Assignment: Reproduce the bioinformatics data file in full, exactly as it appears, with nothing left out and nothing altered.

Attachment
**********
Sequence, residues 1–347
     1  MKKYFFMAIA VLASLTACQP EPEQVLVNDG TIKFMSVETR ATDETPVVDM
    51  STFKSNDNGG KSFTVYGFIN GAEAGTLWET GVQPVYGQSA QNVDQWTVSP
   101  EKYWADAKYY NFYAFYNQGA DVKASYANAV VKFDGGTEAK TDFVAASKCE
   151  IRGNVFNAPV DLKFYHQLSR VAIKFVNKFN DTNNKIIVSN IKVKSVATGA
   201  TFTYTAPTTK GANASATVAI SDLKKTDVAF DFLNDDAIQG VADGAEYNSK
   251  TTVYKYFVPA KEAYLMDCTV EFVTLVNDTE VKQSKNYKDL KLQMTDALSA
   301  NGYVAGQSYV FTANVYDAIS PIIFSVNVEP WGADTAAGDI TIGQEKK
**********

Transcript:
Sequence, residues 1–347
     1  MKKYFFMAIA VLASLTACQP EPEQVLVNDG TIKFMSVETR ATDETPVVDM
    51  STFKSNDNGG KSFTVYGFIN GAEAGTLWET GVQPVYGQSA QNVDQWTVSP
   101  EKYWADAKYY NFYAFYNQGA DVKASYANAV VKFDGGTEAK TDFVAASKCE
   151  IRGNVFNAPV DLKFYHQLSR VAIKFVNKFN DTNNKIIVSN IKVKSVATGA
   201  TFTYTAPTTK GANASATVAI SDLKKTDVAF DFLNDDAIQG VADGAEYNSK
   251  TTVYKYFVPA KEAYLMDCTV EFVTLVNDTE VKQSKNYKDL KLQMTDALSA
   301  NGYVAGQSYV FTANVYDAIS PIIFSVNVEP WGADTAAGDI TIGQEKK